Egypt 'Open' to Importing Gas from Israel

Egypt's oil minister says his country is open to importing gas from Israel amid an energy crisis in his country.

Arutz Sheva Staff,

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Egypt is open to importing gas from Israel, its oil minister said in state-owned media on Wednesday, according to Reuters.

Egypt is going through its worst energy crisis in decades and is seeking fresh sources of natural gas, which powers most of its homes and factories, including Algeria, Russia, and Cyprus.

But importing gas from Israel is more controversial. Despite a peace treaty between the two countries, popular mistrust of Israel runs high among Egyptians.

Oil Minister Sharif Ismail said gas imports from Israel were a possibility, when asked in an interview by the state-owned Al Mussawar magazine.

“Anything can happen. Whatever achieves the best interests of Egypt, and of the Egyptian economy and the role of Egypt in the region... That will determine the decision to import gas from Israel,” he said. Companies are already negotiating to bring Israeli gas to Egypt, but any deals will hinge on approval from Cairo.

While many Egyptians still view Israel with suspicion, relations have improved since the army toppled President Mohammed Morsi, an Islamist member of the Muslim Brotherhood, in 2013 after mass protests against his rule.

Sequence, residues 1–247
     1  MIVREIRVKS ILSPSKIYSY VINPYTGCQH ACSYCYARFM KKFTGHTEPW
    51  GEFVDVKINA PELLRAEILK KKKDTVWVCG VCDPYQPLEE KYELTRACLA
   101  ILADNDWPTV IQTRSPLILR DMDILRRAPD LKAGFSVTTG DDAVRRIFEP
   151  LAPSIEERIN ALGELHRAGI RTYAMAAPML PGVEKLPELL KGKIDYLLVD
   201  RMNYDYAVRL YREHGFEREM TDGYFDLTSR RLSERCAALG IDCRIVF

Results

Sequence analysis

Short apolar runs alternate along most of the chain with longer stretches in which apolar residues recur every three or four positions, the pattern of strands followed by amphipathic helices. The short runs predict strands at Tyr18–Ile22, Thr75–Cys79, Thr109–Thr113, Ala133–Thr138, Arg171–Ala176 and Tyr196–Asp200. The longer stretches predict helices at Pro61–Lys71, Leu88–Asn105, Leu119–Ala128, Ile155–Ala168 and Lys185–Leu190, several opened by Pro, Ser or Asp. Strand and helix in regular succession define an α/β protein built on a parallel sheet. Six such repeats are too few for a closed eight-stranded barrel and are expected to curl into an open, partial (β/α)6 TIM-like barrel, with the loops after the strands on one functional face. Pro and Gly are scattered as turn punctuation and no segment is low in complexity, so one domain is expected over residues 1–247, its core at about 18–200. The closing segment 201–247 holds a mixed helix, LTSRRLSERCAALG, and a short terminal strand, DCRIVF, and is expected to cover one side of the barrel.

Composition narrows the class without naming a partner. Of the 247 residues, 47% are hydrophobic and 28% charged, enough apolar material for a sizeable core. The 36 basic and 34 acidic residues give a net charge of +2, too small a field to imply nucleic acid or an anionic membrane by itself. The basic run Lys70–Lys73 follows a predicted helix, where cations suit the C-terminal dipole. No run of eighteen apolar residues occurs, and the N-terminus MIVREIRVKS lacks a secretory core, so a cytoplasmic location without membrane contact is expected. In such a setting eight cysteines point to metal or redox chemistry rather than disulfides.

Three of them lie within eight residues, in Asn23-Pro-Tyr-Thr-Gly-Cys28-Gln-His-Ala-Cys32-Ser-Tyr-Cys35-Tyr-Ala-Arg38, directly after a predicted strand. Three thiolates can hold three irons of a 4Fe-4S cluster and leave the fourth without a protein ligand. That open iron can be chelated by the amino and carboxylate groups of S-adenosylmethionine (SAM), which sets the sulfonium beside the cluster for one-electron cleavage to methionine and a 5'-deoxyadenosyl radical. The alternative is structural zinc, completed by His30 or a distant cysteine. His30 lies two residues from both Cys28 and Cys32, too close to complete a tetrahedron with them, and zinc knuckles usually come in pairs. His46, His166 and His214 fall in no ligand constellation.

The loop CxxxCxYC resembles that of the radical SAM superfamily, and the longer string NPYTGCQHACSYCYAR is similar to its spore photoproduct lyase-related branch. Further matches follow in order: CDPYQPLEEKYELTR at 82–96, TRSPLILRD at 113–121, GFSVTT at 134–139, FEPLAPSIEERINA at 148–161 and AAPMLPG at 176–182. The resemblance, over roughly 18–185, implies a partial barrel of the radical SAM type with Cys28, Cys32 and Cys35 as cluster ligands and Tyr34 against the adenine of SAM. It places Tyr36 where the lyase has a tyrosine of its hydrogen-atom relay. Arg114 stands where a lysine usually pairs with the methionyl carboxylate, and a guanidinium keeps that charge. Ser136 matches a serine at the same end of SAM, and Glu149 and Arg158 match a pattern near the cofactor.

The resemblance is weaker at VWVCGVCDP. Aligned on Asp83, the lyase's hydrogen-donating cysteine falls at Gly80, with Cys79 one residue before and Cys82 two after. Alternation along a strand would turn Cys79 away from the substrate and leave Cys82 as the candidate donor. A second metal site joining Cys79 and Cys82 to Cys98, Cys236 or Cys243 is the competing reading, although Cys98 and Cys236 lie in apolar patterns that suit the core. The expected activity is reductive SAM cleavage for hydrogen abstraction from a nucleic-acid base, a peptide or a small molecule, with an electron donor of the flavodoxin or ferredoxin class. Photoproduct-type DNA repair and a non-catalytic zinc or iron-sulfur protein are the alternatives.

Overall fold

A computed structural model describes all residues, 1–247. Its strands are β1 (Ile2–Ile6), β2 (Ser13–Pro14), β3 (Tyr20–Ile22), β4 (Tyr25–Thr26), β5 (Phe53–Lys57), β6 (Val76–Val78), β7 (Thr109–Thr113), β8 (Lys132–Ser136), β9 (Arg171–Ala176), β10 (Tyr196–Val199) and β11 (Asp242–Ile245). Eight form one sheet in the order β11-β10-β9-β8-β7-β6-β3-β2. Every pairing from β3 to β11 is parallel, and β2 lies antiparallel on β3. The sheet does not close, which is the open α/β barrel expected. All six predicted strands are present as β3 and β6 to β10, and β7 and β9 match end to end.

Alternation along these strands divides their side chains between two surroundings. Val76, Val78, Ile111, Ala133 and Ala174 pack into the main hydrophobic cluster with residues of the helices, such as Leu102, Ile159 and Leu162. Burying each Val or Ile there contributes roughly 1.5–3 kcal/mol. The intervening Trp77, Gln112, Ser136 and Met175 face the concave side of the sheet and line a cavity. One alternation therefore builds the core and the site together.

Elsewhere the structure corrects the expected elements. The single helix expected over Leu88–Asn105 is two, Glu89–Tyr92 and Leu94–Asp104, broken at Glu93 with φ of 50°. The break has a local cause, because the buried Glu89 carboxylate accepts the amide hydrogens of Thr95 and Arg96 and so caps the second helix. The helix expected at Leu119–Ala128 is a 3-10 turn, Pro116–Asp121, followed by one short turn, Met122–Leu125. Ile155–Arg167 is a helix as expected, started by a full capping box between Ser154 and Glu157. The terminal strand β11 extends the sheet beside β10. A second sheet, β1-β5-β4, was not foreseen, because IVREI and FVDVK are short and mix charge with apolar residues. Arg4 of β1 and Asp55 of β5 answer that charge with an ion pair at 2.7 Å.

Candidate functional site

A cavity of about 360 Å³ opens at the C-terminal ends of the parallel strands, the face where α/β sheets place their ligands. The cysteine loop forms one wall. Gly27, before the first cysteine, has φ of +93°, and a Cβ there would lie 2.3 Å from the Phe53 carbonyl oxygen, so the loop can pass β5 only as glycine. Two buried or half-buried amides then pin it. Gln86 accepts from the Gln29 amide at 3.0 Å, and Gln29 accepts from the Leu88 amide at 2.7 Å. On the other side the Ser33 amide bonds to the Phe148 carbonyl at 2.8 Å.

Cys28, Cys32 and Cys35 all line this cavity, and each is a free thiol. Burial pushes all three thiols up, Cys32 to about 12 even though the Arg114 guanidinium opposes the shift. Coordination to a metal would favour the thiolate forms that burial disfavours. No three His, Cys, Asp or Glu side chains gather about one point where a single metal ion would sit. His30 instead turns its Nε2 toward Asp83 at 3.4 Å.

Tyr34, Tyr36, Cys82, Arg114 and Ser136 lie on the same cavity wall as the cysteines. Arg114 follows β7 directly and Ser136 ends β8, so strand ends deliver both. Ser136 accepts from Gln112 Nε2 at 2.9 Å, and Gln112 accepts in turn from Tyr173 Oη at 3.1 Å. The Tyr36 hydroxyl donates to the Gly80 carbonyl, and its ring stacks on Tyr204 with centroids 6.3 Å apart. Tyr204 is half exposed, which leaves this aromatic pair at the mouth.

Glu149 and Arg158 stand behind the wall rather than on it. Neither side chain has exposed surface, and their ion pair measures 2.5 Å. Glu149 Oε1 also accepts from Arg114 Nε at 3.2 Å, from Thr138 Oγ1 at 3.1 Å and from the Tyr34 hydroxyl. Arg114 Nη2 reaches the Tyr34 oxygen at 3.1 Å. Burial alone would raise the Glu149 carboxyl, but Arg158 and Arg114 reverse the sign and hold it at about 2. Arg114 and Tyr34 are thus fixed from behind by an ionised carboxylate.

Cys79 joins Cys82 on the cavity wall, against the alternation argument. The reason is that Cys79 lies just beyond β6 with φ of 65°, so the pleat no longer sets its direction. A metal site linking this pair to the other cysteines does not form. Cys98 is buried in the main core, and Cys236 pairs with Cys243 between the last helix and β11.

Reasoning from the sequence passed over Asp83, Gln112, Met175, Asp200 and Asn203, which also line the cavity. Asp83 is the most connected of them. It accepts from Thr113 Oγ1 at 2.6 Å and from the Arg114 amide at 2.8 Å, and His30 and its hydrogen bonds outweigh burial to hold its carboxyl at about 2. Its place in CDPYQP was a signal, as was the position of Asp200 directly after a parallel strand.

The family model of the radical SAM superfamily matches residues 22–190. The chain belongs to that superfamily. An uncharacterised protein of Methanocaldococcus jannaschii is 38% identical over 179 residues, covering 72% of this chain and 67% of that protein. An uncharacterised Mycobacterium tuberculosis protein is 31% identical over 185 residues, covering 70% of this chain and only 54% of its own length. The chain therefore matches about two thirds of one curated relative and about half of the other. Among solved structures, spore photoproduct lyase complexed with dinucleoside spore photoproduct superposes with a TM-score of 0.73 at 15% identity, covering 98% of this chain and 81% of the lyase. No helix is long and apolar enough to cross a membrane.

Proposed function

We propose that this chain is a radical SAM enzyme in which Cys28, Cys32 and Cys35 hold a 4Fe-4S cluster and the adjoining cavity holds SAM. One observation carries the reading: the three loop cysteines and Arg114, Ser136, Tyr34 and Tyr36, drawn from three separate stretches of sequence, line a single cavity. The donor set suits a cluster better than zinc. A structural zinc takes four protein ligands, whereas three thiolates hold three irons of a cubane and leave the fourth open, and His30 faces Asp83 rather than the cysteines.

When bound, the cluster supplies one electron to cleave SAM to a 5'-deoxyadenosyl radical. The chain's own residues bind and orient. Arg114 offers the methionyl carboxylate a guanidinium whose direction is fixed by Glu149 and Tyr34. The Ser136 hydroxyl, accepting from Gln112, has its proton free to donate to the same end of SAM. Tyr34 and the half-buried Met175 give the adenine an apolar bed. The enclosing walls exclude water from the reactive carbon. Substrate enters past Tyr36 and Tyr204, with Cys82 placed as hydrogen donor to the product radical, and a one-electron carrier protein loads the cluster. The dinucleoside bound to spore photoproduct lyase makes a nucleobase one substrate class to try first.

Egypt, which once exported gas to Israel and elsewhere, has become a net energy importer over the last few years. The government has attempted to improve the energy landscape by slashing subsidies, paying down its debt to foreign energy firms, and negotiating import agreements.

An agreement on natural gas between Israel and another one of its neighbors, Jordan, has been met with controversy as Jordanian lawmakers expressed their opposition to it.

U.S. giant Noble Energy announced in September that Israel would supply Jordan with 1.6 trillion cubic feet of natural gas from its Leviathan offshore field over a period of 15 years.

A week after the deal was announced 40 Jordanian parliamentarians submitted a memorandum the deal not go through. The issue came up again in Jordan’s parliament last month, after 79 lawmakers in the 150-seat house filed a motion calling for it to be scrapped.

Jordan's main opposition Islamist party has threatened to take legal action against anyone in the kingdom who signs the controversial gas deal with Israel.

Though Jordan has a peace treaty with Israel, the country’s parliament, which is made up mostly of Islamists, remains anti-Israel and its members have more than once called to annul the peace treaty.




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